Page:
Here SEBI increased the time limit from six months to nine months within which mutual funds have to invest funds raised from tax saving schemes. You can learn more about mutual funds on Moneymindz.com
In order to further improve the service to investors in the mutual fund sector, across all categories of customers SEBI introduced a new set of regulations in the year 1996.
The Unit trust of India was created in 1964 through an act of Parliament. The US-64 scheme was set up to channelize the investments of small investors like widows, pensioners in order to give them relatively large returns. In 1992 it was changed from a debt based to an equity based scheme .The US-64 did not come under SEBI regulations, and investment details were kept secret to further, government interests. This proved to be highlymisleading. In the year 1998 , UTI crashed and a bailout fund of INR 3500 crores had to be arranged. However no lessons were learnt from this. Huge amount of UTI funds were channeled into the infamous K-10 list of Kethan Parekh stocks which continued to invest in the mid-2000’s even after these stocks crashed in order to prop up their value. Here during the Software stocks crash 1n August 2000 crores worth of funds were invested in Software stocks of (K-10) which lead to crores of losses as these stocks had lost their value.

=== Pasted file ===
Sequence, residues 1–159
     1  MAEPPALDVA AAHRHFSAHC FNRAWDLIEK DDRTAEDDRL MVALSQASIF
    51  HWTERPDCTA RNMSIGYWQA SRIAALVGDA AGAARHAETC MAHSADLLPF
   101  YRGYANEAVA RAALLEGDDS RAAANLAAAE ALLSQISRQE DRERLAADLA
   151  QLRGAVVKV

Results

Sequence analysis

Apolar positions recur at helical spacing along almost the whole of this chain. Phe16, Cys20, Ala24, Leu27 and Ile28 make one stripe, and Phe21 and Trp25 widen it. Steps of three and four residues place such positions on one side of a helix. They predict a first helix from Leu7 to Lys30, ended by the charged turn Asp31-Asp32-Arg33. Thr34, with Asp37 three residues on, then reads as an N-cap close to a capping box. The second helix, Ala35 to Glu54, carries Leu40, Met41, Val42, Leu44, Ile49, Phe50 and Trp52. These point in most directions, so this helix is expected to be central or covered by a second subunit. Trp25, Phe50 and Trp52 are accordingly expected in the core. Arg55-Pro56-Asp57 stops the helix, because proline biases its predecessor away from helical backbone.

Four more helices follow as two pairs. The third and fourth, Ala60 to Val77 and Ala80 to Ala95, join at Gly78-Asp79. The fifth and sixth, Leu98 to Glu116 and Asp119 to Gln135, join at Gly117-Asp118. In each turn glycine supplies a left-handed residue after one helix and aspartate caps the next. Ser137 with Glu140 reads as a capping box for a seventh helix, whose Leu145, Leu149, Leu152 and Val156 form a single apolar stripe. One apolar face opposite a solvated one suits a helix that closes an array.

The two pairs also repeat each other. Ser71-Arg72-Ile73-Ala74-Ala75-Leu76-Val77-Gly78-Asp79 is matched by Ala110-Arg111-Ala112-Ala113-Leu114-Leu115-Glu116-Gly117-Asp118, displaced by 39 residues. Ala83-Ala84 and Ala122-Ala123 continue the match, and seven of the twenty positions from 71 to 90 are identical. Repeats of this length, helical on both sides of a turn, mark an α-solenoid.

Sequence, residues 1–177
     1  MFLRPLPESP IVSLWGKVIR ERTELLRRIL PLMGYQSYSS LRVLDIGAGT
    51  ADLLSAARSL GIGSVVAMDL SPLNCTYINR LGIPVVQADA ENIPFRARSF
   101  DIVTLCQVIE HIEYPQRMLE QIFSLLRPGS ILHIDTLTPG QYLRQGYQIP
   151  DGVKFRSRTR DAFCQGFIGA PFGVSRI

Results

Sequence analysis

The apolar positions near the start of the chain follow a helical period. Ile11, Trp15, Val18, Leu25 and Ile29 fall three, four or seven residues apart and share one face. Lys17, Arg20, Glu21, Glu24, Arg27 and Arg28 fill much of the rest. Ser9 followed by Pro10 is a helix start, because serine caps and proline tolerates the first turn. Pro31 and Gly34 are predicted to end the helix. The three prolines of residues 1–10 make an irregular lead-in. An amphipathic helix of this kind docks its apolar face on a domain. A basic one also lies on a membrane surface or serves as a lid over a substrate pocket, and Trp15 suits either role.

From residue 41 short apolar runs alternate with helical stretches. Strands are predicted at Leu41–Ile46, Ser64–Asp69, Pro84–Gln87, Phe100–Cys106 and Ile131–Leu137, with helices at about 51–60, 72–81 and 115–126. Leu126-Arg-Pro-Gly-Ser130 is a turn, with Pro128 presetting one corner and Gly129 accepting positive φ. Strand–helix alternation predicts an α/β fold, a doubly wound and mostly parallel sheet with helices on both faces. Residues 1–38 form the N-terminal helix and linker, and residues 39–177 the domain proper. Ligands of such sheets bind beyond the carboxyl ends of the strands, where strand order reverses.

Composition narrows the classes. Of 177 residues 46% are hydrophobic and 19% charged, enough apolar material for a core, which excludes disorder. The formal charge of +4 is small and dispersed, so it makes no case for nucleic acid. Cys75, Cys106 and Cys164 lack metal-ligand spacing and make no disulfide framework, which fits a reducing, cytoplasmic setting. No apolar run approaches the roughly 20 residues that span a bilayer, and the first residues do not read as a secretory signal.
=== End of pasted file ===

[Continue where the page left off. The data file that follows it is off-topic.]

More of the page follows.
A Mumbai based chartered accountant stock broker took advantage of low liquidity in certain stocks later called (K-10stocks) and held significant quantities of them. The buoyant markets raised these K-10 stocks to very high levels. As a result other stock brokers and investors including US-64 invested huge sums in these stocks.This led to huge manipulations in the market. In order to fund his purchases KP borrowed heavily from banks taking advantage of their laxity. His modus operandi was simple. With borrowed funds purchase shares trading at low prices. The prices go up in the bull runs. Pledge these shares with banks when their prices were high as collateral for borrowed funds. When the K-10 stocks crashed these pledged shares lost their value .This was a highly fraudulent practice. SEBI inspected book of accounts of brokers and capital exposure of banks and came to the conclusion that such a scam was not possible without a degree of collusion with banks. This led to further regulations in the financial and mutual fund sector.